Are there any examples of languages in totally different parts of Earth having similarities in such things as grammar and words? As one example, I've noticed 'Mama' and 'Papa' seem to be common across the globe, though that might just be due to colonisation.


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Some words are very consistent across the world for non-linguistic reasons. For example, "mama" consists of the earliest sounds infants are able to make. This is the same reason languages on opposite sides of the world have words that sound like "mow" or "meow" for "cat".

Some linguists have also proposed that particular sounds or groups of sounds are fundamentally associated with particular concepts in the human brain, though this hasn't met with wide acceptance.

Words can also be borrowed from one language into another; this is especially common with words for trade goods or new technologies, which can easily become so-called "Wanderworter" (or Wanderwörter if you're German) spreading across the world along with the things they describe. That's why so many languages have similar words for "tea", and also for "internet". Cognates of "cannabis" appear all the way back in ancient Sumerian.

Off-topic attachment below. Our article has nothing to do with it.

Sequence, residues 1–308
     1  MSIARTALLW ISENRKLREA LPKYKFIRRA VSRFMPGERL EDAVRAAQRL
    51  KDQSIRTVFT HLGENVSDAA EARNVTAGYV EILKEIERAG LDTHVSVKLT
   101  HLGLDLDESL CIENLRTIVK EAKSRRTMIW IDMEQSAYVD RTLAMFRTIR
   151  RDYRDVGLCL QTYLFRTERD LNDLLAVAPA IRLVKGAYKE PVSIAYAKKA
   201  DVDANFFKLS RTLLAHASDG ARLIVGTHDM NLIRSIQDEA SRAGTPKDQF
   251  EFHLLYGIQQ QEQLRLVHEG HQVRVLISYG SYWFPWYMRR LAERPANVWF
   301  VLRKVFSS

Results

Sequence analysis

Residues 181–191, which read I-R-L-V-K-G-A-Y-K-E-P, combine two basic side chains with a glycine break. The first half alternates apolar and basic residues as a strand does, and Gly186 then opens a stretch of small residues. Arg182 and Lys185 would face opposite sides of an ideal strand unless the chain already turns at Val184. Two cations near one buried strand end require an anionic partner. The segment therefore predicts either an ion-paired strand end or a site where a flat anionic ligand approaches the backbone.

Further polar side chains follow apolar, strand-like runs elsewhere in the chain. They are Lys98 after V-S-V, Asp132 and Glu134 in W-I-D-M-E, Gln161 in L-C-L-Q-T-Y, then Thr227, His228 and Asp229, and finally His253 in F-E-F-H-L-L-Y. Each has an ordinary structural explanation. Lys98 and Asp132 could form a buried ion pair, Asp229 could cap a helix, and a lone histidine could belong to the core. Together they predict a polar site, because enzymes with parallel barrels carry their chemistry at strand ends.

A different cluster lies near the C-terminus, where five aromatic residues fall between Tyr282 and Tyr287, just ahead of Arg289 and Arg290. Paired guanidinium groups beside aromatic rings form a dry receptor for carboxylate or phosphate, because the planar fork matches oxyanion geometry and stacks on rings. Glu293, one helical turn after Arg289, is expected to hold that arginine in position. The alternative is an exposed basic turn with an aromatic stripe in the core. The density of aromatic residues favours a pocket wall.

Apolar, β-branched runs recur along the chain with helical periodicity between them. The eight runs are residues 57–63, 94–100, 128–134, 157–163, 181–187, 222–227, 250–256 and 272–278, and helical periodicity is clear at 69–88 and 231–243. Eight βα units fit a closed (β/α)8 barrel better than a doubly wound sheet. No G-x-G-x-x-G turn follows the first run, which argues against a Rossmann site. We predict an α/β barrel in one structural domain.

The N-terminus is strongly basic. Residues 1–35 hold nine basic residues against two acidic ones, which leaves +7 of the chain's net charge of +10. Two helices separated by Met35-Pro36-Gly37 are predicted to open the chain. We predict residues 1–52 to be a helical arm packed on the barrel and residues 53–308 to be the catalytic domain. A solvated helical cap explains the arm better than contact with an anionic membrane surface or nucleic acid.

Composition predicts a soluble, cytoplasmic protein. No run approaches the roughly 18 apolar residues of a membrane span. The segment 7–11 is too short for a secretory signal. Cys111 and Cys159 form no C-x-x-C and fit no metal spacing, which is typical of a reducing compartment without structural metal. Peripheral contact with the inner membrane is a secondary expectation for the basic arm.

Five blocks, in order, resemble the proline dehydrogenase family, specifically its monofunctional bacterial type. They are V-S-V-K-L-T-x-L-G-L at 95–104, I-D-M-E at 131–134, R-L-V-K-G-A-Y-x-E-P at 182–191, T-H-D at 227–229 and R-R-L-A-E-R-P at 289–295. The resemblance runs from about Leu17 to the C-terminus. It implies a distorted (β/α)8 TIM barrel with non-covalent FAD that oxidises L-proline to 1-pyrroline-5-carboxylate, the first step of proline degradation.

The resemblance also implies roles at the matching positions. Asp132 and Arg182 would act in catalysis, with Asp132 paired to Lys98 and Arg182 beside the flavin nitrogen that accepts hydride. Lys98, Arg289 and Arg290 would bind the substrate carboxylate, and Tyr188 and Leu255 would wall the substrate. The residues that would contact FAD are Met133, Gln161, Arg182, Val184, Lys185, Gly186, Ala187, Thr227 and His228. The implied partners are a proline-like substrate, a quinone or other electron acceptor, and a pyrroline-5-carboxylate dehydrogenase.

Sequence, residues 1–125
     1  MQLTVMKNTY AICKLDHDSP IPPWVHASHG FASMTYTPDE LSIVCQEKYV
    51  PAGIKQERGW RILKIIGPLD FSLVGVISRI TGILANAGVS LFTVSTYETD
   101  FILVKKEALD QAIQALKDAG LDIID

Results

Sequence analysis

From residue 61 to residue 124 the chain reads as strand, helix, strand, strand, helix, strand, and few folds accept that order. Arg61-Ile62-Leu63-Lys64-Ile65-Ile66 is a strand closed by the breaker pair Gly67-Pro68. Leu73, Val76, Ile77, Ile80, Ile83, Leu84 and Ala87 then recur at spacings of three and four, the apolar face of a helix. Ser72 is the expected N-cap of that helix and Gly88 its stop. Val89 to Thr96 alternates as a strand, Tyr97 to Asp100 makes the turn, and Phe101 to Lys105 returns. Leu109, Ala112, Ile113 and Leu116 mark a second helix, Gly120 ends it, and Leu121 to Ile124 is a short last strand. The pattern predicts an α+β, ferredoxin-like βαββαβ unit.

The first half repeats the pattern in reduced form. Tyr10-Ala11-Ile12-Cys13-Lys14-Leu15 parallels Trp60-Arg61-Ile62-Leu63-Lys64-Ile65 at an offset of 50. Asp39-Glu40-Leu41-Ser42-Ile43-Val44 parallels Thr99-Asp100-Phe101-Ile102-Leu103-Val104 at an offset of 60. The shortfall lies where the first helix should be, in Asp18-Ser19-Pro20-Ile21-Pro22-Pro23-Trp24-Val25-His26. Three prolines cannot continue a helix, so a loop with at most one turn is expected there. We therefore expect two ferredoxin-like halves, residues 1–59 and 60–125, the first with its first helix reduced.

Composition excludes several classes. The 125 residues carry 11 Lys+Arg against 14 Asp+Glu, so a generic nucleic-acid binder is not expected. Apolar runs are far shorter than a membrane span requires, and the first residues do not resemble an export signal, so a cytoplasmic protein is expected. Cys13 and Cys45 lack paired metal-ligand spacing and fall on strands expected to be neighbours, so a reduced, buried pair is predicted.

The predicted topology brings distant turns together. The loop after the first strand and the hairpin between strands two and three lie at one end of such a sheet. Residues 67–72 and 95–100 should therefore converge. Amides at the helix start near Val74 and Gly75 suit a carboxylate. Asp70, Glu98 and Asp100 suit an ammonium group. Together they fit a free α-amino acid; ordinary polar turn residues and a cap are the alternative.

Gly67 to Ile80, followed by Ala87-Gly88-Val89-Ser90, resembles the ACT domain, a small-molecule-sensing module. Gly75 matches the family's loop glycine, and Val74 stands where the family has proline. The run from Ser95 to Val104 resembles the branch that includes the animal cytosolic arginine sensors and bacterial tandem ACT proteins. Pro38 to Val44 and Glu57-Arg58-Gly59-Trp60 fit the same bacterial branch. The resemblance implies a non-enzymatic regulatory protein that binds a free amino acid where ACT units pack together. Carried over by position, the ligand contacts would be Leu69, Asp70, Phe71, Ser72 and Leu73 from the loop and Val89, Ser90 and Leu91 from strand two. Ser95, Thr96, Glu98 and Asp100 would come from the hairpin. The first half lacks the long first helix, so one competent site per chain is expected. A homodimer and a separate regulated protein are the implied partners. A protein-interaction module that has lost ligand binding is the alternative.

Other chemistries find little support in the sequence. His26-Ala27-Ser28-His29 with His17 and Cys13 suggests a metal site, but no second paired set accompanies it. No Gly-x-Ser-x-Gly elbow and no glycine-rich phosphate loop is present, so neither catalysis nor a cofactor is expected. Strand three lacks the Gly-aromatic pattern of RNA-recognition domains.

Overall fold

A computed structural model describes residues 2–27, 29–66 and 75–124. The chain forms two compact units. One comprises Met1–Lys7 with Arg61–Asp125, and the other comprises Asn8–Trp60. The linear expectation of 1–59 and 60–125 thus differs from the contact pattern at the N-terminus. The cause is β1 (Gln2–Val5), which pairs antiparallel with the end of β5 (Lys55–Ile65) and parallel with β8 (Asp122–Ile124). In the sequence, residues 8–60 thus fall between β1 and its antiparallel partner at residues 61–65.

Grammatically, certain structures are extremely common across the world, which some linguists attribute to "universal grammar" built into the human brain. For example, languages that put verbs before their objects, also tend to put nouns before relative clauses. When one of these features changes in a language, the other tends to change with it.

Grammatical structures can also be borrowed between languages. A lot of languages in western Europe have the same structure for expressing "perfect" verbs (ones that describe the aftereffects of a past action): English says someone "has eaten", while in French, someone a mangé ("has eaten"), and in Greek, ekhei phaei ("has eaten"). This is an "areal feature" that has spread between languages due to a long period of contact; when languages are in long enough contact to accumulate a lot of these shared features, they become a "Sprachbund".

And of course, some things end up converging due to sheer coincidence. There are a lot of languages in the world, and only so many different ways to arrange words. English and Akkadian and Swahili all put prepositions before nouns, not because of some ancestral relationship (or any direct contact), but because there aren't that many different places to put prepositions, and "before the noun" is a common choice.

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